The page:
What will be the future of the Australian community in 40 years? Let’s look at important factors from the Intergenerational Report (IGR). The 2023 IGR is a crystal ball insight into what we can expect the Australian community to look like in 40 years and the requirements of the community as we grow. It helps us to predict structural trends about what we should be doing now to shape the future successfully.

Who Bears the Burden of an Ageing Population?

Australia’s low birth rate, restricted immigration, and longer life expectancy all have an impact. The proportion of adults 65 and older to all people in the population in the conventional working age (15 to 64) will rise from 26.6% to 38.2%. From a tax viewpoint, Australia’s reliance on personal tax means that under the present fiscal policy, workers will shoulder an increasing amount of the tax burden. Former Treasury Secretary Ken Henry has called it an “intergenerational tragedy” since, under the current approach, personal tax will rise from 11.7% of GDP to 13.5%. Only 12% of Australians aged 70 and older, who now make up 12.2% of the population overall, the research claims, pay income taxes. It is expected that this age group will increase to 18.1% of the total population in 2062-63. To keep the economy from being negatively impacted by the rising tax burden on individuals, comprehensive tax reform will be necessary. The answer won’t appear out of thin air from corporate Australia, since it’s predicted that over the next 40 years, economic growth will decrease to 2.2% from 3.1%. You would believe that a GST hike is coming soon if it weren’t for the high rate of inflation in our country.

Services and Who Pays

It is predicted that demographic ageing alone will account for 40% of the increase in Government spending more than 40 years. The result of an ageing population is increased demand for support and care services that will push the Federal Budget back to a point where shortages are the norm in case the existing policies remain in place. According to the consumer point of view, it means that the trend of user-keys will only increase.

As individuals, we are required to make sure that we have the means to fund our old age because government resources will be restricted because of increasing demands. It also means that we need to look at how we make money. For some that might mean working for a long time, for others, it is value-adding – creating, buying, and selling assets in some form.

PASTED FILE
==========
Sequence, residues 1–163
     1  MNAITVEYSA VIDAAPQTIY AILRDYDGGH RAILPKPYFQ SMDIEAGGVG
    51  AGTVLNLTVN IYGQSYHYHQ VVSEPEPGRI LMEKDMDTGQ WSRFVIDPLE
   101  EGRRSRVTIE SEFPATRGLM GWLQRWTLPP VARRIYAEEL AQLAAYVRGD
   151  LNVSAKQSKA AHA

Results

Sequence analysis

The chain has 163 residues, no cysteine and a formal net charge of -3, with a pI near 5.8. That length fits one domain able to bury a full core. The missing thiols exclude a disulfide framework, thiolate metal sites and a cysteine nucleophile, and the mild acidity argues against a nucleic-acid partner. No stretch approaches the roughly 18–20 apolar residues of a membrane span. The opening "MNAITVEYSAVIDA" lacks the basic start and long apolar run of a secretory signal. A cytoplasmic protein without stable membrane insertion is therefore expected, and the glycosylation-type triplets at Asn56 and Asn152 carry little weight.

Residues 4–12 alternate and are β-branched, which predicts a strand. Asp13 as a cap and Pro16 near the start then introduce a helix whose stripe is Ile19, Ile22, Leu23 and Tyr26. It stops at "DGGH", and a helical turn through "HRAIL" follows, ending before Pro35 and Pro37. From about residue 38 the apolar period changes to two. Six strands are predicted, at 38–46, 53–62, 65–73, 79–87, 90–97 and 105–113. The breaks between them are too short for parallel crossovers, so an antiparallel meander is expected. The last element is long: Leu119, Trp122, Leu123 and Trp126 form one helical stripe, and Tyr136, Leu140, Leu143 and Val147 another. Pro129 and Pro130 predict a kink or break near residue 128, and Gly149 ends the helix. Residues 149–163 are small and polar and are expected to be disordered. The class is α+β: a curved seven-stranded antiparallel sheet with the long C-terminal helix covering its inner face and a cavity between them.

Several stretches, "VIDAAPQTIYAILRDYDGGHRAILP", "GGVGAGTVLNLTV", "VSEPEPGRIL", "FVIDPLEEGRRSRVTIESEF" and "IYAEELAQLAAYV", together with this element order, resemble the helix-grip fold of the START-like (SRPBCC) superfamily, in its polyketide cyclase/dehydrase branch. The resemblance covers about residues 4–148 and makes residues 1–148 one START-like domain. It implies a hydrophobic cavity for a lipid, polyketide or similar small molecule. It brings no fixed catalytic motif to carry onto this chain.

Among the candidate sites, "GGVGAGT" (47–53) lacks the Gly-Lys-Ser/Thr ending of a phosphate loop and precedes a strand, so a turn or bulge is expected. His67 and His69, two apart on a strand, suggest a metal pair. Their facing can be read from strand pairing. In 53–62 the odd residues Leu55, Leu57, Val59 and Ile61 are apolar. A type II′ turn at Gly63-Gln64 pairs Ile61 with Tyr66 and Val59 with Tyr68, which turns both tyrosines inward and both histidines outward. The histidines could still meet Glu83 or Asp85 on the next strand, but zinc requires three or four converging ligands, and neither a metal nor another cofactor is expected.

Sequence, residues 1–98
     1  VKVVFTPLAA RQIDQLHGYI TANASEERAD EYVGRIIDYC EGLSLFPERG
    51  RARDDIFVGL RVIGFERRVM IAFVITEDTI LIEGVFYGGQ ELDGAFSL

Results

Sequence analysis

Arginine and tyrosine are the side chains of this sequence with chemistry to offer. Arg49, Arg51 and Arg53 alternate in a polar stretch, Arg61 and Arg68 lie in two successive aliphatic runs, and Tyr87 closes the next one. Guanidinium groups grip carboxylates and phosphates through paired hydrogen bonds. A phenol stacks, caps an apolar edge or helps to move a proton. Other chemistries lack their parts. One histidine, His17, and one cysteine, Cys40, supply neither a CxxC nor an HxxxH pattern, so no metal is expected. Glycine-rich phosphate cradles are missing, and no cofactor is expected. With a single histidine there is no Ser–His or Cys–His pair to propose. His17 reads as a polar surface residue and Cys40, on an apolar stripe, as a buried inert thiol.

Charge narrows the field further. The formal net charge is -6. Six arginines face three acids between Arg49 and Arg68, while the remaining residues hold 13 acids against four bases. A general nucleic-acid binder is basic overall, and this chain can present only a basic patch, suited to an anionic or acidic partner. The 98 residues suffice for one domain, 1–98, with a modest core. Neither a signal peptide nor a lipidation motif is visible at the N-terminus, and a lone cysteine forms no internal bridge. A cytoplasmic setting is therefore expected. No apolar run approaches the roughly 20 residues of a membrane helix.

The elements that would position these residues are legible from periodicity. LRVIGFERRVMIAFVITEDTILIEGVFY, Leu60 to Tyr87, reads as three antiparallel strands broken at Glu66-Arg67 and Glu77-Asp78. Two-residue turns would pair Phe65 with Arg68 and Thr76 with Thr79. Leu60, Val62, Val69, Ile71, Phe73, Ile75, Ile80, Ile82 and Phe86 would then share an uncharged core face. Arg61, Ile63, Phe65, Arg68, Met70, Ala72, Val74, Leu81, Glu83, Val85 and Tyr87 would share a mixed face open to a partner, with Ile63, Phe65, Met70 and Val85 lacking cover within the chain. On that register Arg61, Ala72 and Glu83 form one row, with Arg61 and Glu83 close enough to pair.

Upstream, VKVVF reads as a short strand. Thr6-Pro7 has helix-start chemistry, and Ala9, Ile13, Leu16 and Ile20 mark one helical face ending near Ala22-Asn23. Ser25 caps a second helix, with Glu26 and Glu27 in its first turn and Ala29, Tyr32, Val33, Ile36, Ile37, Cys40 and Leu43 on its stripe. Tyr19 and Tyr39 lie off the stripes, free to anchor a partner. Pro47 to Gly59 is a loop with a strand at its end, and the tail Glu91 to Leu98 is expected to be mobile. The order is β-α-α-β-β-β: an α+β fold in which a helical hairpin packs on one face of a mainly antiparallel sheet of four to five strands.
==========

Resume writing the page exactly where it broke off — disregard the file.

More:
Superannuation the Size of a Nation

In Australia, retirement assets are currently the fourth largest in the world. Superannuation balances are expected to increase from 116% of GDP in 2022-23 to approximately 218% by 2062-63. For most Australians, the superannuation system will be the foundation for their retirement. Currently, around 70% of individuals over the pension age receive some sort of Government income support. As our superannuation system matures, this percentage is expected to decrease significantly as a percentage of GDP, with Government support supplementing, rather than providing for retirement. The first generation of employees with a superannuation guarantee throughout their working lives will reach retirement age around 2058.

The IGR does, however, note that “superannuation concessions cost will increase, driven by earnings on the larger superannuation balances held by Australians.” It’s possible that this will not be the final tax on future earnings on super balances over $3 million.

You may anticipate that the government would prioritise managing superannuation to maximise retirement savings, reduce reliance on government assistance, and ensure that this sizable pool is used for the benefit of not only members but the entire country.

Growth of Services

Global competition has caused Australia’s economic base to change from the production of goods to the provision of services, similar to most industrialised nations. Currently, services account for 90% of all occupations.

Demand for health and care services is anticipated to increase as the population ages. Despite making up only approximately 16% of the population, seniors today contribute to about 40% of all Australian health spending. According to the IGR, in order to meet demand by 2049–50, the workforce needed to support this industry will need to be twice as large as it is today. The biggest spending pressure on the government will be aged care, health, defence, NDIS, and interest payments on government debt.